Creating a successful wine investment portfolio

Why entrepreneurs should consider investing in wine – and how to create a portfolio that offers serious returns

With annual growth in the value of fine wines, interest in creating a wine investment portfolio is on the rise among the UK's entrepreneurial community.

Regarded as more enjoyable to have a physical asset over shares on paper, wine investment works on the principle of static and decreasing supply with ever-increasing demand.

The very top wines are only available in finite quantities and as demand is opening up across the world (especially in the BRIC economies as well as in more traditional markets) this means that over the last 20 years fine wine has performed extremely well, with annual growth of 13-15% cumulatively (Liv-ex).

More recently the market has seen a surge in demand for the very top estates in Burgundy and for 2009 Bordeaux, after the influential wine critic Robert Parker released unprecedented scores and described the vintage as the ‘greatest' Bordeaux vintage he had ever tasted.

To give you some idea of how well-chosen wines can appreciate in value, consider the following:

  • 2000 Lafite RothschildOpening price June, 2001: £1,850/case 12 bottles in bond Current price February, 2012: £18,000/case 12 bottles in bond
  • 2000 Pichon-LalandeOpening Price June 2001 approx £580/case Current price February 2012 approx £2,000/case
  • 2009 Pontet-CanetOpening Price June 2010 approx £1,000/case Current Price February 2012 £1,800/case

As with any investment the value of your asset can go down as well as appreciate and a reputable merchant will not make promises on future performance, but will offer advice on a wine's suitability to building an investment portfolio.

An ideal start is to contact one of the long-established merchants. To get started building an investment cellar you'll want to set aside a minimum of £5,000-10,000. This is the first step towards developing a reasonably-sized portfolio and allows for a more flexible, balanced selection of wines which can help in maximising their potential returns.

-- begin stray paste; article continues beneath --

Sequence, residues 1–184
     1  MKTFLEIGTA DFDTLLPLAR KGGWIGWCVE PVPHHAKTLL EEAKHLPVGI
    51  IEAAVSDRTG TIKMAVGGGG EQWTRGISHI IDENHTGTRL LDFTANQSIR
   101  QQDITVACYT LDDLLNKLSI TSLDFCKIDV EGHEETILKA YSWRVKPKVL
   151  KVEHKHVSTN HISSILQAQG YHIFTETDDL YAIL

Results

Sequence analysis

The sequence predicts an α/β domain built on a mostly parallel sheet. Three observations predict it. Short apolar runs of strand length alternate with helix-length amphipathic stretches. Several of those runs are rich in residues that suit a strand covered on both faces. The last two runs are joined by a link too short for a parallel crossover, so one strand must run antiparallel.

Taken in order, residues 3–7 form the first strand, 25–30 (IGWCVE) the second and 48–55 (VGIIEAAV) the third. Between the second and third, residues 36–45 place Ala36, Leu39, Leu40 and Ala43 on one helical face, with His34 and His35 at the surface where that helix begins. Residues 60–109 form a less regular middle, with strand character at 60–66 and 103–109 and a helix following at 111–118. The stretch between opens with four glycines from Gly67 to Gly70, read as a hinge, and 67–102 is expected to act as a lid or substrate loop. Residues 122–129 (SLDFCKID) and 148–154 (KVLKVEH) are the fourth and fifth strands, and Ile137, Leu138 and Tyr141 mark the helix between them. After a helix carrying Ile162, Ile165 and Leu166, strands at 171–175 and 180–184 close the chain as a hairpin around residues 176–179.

Always keep your wines stored In Bond (meaning the duty and VAT are suspended and not applicable) and always buy wines in full original cases where the provenance can be assured. Wines should be stored in perfect cellar conditions. At Justerini & Brooks we use Octavian Corsham which is regarded as one of the most ideal places in the world to store and age your wine.

Do your homework to ensure you are buying at the best price.

Only certain wines are considered investment-grade; your merchant will advise you on these but essentially the ‘blue-chip' cases to follow are the First Growths of the 1855 Bordeaux Classification but increasingly certain ‘Super-Seconds' and other high-performing classed growths from Bordeaux as well as selected top Burgundy producers such as Domaine Romanée Conti.

To get you started and if Bordeaux wines appeal, here are a selection of high-performing Chateaux you may well wish to follow:

  • Lafite Rothschild
  • Lataour
  • Haut-Brion
  • Margaux
  • Mouton Rothschild
  • Cos d'Estournel
  • Montrose
  • Pichon Baron
  • Grand-Puy-Lacoste
  • Pontet-Canet
  • Lynch Bages

Finally, follow these five key principles of wine investment and the advice of a reputable merchant and investing in wine could be a rewarding alternative to many other investment options:

  1. Plan for the future. Wine investment should be looked at as a medium to long term potential gain (five to 10 years)
  2. Only buy from trusted and well-established wine merchants and never be drawn in by cold callers. 
  3. Buy at the level of risk you are comfortable with as there are low, medium and high risk investment cases which all offer varying levels of potential return.
  4. Buy cases under bond whose provenance is guaranteed and keep them stored under bond with a professional facility such as Octavian cellars.
  5. Diversify your portfolio. Trends can come and go and having all your holdings in one or two wines is a risky strategy.

Kate Janecek is a private account manager for Justerini & Brooks, one of Britain's oldest wine merchants, which received the Royal Warrant from King George III in 1760, and has continued to hold each ruling Monarch's Warrant since.


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